Update: The Independent reports that SLEEP will be premiered at the Wellcome Collection in London on September 26.
If you want to hear it, tune in to BBC Radio 3 at midnight where you’ll be able to hear the piece in its entirety. It’ll be the longest continuous piece of music the BBC has ever broadcast.
Renowned composer Max Richter has released a new piece of music – and it’s eight hours long.
Billed in a press release as “what is thought to be the longest single piece of music ever to be recorded” (which is nonsense, we should add – we were genuinely sent a promo of a 24-hour album earlier this year), SLEEP is eight hours in length and designed to soundtrack a listeners’s sleep. [Correction: The label actually meant to say “the longest single piece of neoclassical music ever to be recorded”, which sounds a bit more realistic.]
Richter describes it as “an eight-hour lullaby … my personal lullaby for a frenetic world. A manifesto for a slower pace of existence.”
The piece is scored for piano, strings, electronics and vocals (no lyrics, mind you), and will be premiered this September in Berlin via a concert performance lasting from 12 midnight to 8am. The audience won’t be given seats; instead, they’ll be in beds.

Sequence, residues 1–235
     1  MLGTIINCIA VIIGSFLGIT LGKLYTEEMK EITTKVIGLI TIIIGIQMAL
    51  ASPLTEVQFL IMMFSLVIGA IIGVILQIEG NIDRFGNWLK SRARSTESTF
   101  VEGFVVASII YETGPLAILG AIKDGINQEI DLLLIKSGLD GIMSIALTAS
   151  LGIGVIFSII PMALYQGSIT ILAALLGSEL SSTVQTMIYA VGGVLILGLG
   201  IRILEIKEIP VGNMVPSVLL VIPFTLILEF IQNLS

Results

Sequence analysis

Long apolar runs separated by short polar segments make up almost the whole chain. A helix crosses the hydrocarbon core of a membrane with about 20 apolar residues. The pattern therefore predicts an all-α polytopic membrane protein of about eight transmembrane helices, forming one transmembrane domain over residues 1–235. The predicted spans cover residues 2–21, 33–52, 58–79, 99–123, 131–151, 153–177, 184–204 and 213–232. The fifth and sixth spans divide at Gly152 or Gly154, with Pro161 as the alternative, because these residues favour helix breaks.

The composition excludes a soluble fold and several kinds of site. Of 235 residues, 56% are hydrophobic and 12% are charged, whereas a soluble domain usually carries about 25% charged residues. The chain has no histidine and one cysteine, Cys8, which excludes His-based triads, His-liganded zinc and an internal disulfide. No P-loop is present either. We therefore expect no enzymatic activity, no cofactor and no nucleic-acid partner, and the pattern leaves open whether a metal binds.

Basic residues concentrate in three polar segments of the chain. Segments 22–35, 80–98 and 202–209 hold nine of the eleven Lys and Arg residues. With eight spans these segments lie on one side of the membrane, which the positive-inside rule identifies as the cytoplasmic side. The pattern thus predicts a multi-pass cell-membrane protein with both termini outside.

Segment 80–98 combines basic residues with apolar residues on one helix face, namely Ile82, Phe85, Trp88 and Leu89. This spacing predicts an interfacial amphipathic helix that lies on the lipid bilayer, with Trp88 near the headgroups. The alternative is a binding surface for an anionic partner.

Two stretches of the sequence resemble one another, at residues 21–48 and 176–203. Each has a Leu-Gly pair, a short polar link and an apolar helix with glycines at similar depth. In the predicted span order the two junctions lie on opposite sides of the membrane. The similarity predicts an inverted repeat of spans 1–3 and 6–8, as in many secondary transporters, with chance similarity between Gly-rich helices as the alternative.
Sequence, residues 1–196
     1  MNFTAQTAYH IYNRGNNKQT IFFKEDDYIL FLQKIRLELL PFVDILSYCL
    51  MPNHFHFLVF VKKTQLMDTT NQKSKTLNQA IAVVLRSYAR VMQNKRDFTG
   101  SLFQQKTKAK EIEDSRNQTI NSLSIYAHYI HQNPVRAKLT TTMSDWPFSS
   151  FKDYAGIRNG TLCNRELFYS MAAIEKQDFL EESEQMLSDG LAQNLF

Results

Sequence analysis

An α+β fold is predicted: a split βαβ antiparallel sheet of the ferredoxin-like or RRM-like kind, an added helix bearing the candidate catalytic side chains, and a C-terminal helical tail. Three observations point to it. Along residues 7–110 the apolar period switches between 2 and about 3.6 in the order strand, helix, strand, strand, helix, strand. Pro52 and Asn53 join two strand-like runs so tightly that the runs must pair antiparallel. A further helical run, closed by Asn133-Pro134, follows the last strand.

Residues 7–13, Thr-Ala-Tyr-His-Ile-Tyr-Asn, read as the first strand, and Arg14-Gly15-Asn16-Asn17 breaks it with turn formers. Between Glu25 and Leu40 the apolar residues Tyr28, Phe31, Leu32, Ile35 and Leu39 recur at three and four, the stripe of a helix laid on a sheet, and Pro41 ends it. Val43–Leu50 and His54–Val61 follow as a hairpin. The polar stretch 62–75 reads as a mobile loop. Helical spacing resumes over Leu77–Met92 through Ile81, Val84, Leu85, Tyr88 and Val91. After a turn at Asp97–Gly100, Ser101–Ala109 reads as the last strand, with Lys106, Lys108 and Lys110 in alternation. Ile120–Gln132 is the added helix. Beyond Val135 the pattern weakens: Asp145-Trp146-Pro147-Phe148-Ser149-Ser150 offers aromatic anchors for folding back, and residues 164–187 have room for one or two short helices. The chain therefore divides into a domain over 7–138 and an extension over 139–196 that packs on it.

It will also be released as an eight-hour digital album, with a one-hour adaptation (described as “a series of windows opening into the big piece”) released on CD and vinyl through Deutsche Grammophon on September 4. “You could say that the short one is meant to be listened to and the long one is meant to be heard while sleeping”, says Richter of the two versions.
“It’s really an experiment to try and understand how we experience music in different states of consciousness”, continues Richter. “Sleeping is one of the most important things we all do,” he says. “We spend a third of our lives asleep and it’s always been one of my favourite things, ever since I was a child.” Interestingly, the piece was made after consultation with American neuroscientist David Eagleman, who taught Richter more about how the human brain functions while sleeping.
Richter’s past works include seminal albums such as The Blue Notebooks, a modern interpretation of Vivaldi’s Four Seasons, and the soundtracks to films Shutter Island and Waltz with Bashir.
Watch a teaser for SLEEP below.